It is intended to be sold in the US and possibly worldwide from next year.

Bob Marley’s daughter, Cedella Marley, said her father would welcome the move.

“My dad would be so happy to see people understanding the healing power of the herb,” she said.

Privateer’s chief executive Brendan Kennedy said a Marley was “someone who, in many ways, helped start the movement to end cannabis prohibition 50 years ago.

“It was just a natural fit between Bob Marley and this product. You know if you were to look for the most famous human being who ever walked the face of the earth related to cannabis, it would be Bob Marley.”

Bob Marley died of cancer in May 1981. He embraced cannabis as a key part of his Rastafarian faith and supported its legalisation.

Cannabis use for recreational purposes is legal in the US states of Colorado and Washington.

Several other states may follow suit and others are permitting the sale of marijuana for prescribed medical purposes.


Bob Marley Coming to Arlington

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Bob Marley’s music continues to unite diverse peoples. At 7 p.m. Dec. 6, Arlington Town Hall, 730 Massachusetts Ave., Arlington, will rock with Marley’s music as presented by the multi-generational Family Folk Chorale, Pihcintu, a multi-national children’s chorus and Glen DaCosta, of Bob Marley and the Wailers.

Family Folk Chorale Artistic Director Chris Eastburn notes, “Bob Marley’s melodies summon spontaneous singing from the heart. His grooves make you want to dance from your soul and his lyrics calling for the unity of the human family ring as true today as when they were written. Bring your parents and children to sing and dance along with the Family Folk Chorale and Pihcintu in this intergenerational and multicultural celebration of Bob Marley’s music.”

Saxophonist Glen DaCosta toured all over the world with Bob Marley and the Wailers. He can be heard on the albums “Kaya,” “Exodus” and “Confrontation” and he was was with Marley on the Survival Tour, one of Marley’s last before his death in 1981. After Marley’s death, DaCosta continued with the Wailers and accompanied many bands, including Gladys Knight, Lou Ralls, Aretha Franklin, UB 40 and Ray Goodman. He is currently writing a book about his years with Bob Marley. You can learn more about him at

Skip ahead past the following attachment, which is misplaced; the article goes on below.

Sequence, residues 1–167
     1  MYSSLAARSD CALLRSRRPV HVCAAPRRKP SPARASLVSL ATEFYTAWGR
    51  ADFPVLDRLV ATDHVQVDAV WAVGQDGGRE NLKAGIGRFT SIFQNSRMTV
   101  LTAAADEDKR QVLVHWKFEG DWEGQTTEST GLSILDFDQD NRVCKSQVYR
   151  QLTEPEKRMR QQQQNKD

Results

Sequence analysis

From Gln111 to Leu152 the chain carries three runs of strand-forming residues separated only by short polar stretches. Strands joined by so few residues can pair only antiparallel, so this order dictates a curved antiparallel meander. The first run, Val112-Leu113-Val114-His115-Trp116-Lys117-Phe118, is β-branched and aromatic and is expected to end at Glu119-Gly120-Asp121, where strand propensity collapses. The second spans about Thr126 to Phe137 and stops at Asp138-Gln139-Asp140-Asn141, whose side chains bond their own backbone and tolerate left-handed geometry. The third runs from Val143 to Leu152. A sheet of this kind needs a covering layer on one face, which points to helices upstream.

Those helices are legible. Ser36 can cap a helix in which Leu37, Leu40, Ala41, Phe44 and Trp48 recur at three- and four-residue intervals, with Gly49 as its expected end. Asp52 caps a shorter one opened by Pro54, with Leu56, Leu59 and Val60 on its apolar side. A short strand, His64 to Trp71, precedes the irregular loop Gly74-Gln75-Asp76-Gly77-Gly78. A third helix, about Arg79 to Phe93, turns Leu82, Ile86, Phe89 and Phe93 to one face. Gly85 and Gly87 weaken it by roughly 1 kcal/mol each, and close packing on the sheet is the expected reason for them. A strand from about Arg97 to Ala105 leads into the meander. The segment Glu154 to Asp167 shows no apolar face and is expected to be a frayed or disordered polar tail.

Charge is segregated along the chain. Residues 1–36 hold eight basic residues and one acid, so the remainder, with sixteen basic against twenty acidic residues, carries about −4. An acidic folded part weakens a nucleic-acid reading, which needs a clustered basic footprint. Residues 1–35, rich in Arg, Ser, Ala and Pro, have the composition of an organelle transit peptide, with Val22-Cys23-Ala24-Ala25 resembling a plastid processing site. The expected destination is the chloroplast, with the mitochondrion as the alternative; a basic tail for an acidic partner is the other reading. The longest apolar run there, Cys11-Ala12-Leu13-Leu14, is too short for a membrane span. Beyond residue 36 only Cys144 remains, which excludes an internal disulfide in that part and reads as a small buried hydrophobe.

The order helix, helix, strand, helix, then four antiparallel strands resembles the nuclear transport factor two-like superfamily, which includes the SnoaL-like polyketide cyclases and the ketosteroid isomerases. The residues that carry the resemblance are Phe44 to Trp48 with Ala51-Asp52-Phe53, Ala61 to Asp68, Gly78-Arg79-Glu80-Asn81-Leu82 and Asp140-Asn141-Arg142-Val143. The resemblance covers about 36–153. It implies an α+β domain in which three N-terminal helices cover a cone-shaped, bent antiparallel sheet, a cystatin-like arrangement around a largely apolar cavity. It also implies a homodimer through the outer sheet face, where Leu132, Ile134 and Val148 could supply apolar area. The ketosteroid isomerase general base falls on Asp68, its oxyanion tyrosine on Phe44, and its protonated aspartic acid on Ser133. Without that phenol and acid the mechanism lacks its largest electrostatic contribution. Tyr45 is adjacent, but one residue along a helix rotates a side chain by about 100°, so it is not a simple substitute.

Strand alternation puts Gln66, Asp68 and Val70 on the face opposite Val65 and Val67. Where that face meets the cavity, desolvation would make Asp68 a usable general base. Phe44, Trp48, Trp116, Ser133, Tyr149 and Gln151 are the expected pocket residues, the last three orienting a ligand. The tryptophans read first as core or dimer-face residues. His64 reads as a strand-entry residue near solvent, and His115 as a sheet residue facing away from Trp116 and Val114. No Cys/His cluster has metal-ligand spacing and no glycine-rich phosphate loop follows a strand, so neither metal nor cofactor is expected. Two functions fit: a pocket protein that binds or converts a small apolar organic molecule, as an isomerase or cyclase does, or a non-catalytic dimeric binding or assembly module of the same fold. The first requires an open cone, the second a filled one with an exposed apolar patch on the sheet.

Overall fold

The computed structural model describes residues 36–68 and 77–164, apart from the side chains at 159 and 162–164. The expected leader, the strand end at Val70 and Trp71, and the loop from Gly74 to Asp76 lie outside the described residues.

The Family Folk Chorale was founded in 1999 with the belief that everyone can sing and that people of all ages singing together is powerful music. The multi-generational group of 60 singers ranges in age from 3-74. Membership includes whole families as well as individuals. Sometimes there are three generations of the same family singing together! The group is backed by a band, featuring Glen DaCosta on saxophone, Gary Backstrom on electric guitar, Paul Wolstencroft on keyboards, Leo Sharimataro on drums and Matt Laurence on electric bass.

Pihcintu, a Passamaquoddy word meaning “when she sings her voice carries far,” is based in Portland, Maine. It is composed of immigrant girls from 15 different countries, many of whom had to flee from war-torn villages and bloodshed. The chorus was established by Con Fullum, an award-winning producer, musician and songwriter, as a way for these girls to connect with one another and build a supportive community. Through the healing power of music, these vulnerable young women have formed a powerful and permanent bond. Pihcintu was invited to appear on NBC’s Today Show, and an excerpt from that performance can be viewed at

The combined choruses will sing Bob Marley reggae favorites and classics, including “One Love/People Get Ready,” “No Woman No Cry,” “Get Up, Stand Up,” “Lively Up Yourself” and more.